THIS IS AIMED AT DIRECTV OWNERS LIKE MYSELF
DirecTV customers may lose access to Viacom’s 17 television channels, including Nickelodeon, MTV and Comedy Central, at the end of the day on Tuesday because of a dispute between the two companies.
The blackout, if it happens, would affect DirecTV’s 19.9 million customers in the United States — almost one-fifth of all the households that subscribe to cable or satellite television across the country. It is the latest in a series of fights over the fees paid by distributors like DirecTV for bundles of channels owned by programmers like Viacom. Earlier this month customers of one of DirecTV’s competitors, the Dish Network, lost access to the channels AMC, IFC and WE TV.
The fight between DirecTV and Viacom was publicized late Monday night by Viacom, when it issued a statement that negotiations for a carriage contract had “reached an impasse.” Viacom asserted that “DirecTV refuses to consider a fair deal that recognizes the value of Viacom programming.”
DirecTV, in turn, said early Tuesday morning that it had offered Viacom “increased fees for their networks going forward; we just can’t afford the extreme increases they are asking for.” DirecTV characterized Viacom’s request as a 30 percent increase, equivalent to “more than a billion dollars extra.” Viacom countered by saying that the current distribution contract is seven years old.
Both companies said the blackout would take effect Tuesday night at midnight Eastern time if an agreement is not reached before then. Meanwhile, both companies are trying to rally support for their side by attacking the other, a typical tactic in these fights.
Some of the threatened channels are very well-known among customers: Nickelodeon, MTV, VH1, BET, CMT, TV Land, Comedy Central, Spike. But some of the others are not. Those include Nick@Nite, Nick Jr., TeenNick, NickToons, VH1 Classic, Logo, Tr3s, Centric and Palladia.
Programmers have historically sold channels to distributors this way, in a bundle, but as distributors try to resist price increases, they are increasingly challenging this strategy in a very public way.
“Programmers like Viacom typically won’t allow anyone to buy their channels individually, but we hope to change that,” DirecTV said in a statement about the dispute with Viacom. “We currently pay them hundreds of millions of dollars every year already, and if Viacom thinks their networks are worth a billion more, then you have to be able to select what’s most important in your own living room. It’s your money, so you should be able to decide.”
That said, distributors like DirecTV generally don’t want to have to sell channels on an “a la carte” or individual basis to customers. They just want more control over what they put in the packages they sell to customers.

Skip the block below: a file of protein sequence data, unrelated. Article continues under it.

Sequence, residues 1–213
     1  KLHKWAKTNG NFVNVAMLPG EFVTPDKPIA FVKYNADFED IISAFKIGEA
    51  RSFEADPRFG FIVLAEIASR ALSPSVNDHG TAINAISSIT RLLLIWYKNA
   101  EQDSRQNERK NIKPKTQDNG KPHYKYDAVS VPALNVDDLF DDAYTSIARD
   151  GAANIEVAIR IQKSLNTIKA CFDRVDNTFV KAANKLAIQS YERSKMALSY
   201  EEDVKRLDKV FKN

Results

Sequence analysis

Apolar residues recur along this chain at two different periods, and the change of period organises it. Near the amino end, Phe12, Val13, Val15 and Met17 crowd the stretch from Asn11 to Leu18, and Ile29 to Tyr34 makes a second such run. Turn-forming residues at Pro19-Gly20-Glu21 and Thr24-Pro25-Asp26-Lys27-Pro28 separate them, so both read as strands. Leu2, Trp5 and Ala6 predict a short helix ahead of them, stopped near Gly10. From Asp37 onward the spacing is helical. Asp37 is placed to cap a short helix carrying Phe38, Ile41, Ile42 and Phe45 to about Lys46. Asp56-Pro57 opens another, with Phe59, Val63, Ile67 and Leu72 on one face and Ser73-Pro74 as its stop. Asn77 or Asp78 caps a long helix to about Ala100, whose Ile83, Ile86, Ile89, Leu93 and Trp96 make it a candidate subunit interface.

The debate about bundling comes at a time when the practice is being examined by government regulators and lawyers for evidence of anticompetitive behavior. Some regulators are concerned that the practice inhibits innovation by online video upstarts and other companies.
Dish Network spoke out about bundling in a slightly different way last month when it announced that it was taking AMC, IFC and WE TV off its television lineup. It said at the time, “AMC Networks requires us to carry low-rated channels like IFC and WE to access a few popular AMC shows. The math is simple: it’s not a good value for our customers.” It pointed out, as DirecTV did on Tuesday morning, that some popular cable programming is also available on the Internet on a per-episode basis. DirecTV set up a tool, “Other Ways to Watch,” that links to Web sites where Viacom-owned programs are available.
The current fights mask the fact that the vast majority of negotiations between programmers and distributors are never even publicized.
The last public feud between Viacom and a distributor took place at the end of 2008, when the company warned Time Warner Cable customers of a possible blackout starting on New Year’s Day. But the two companies came to a new deal without any interruption in programming.
Some analysts have recently suggested that Viacom is vulnerable to another public feud now because of sagging ratings at Nickelodeon, its flagship channel. Weakness at Nickelodeon has been a center of attention for the better part of a year. For a long time, Todd Juenger of Bernstein and Company wrote in a note to investors in mid-June, “it has been inconceivable that any distributor could drop Viacom’s networks, mostly because of Nickelodeon.” But because of the ratings trouble, it’s no longer inconceivable, it’s “improbable,” he wrote, calling that “a significant difference.”
Mr. Juenger predicted that the market reaction to a distribution dispute with Viacom would be “swift and severe,” though he cautioned that he didn’t know if it would happen in weeks, months or years, since the expiration dates of distribution agreements are kept secret.
On Tuesday morning, in an e-mail message to clients alerting them to the DirecTV dispute, he wrote, “It happened in weeks.”
The contract between DirecTV and Viacom expired on June 30, but was extended 10 days as negotiations progressed.
DirecTV, for its part, tried to downplay the significance of the possible blackout of programming by noting the time of year when it could occur. “Kids are off school and headed outdoors,” it stated on one of its Web sites Tuesday morning, “the Summer Olympics are on the horizon, and many of us are on vacation.” Oh, and “Viacom doesn’t have all that much original programming this summer.” The distributor correctly noted that most blackouts, when they do happen, do not last very long, since customers pressure the companies involved to come to a new agreement.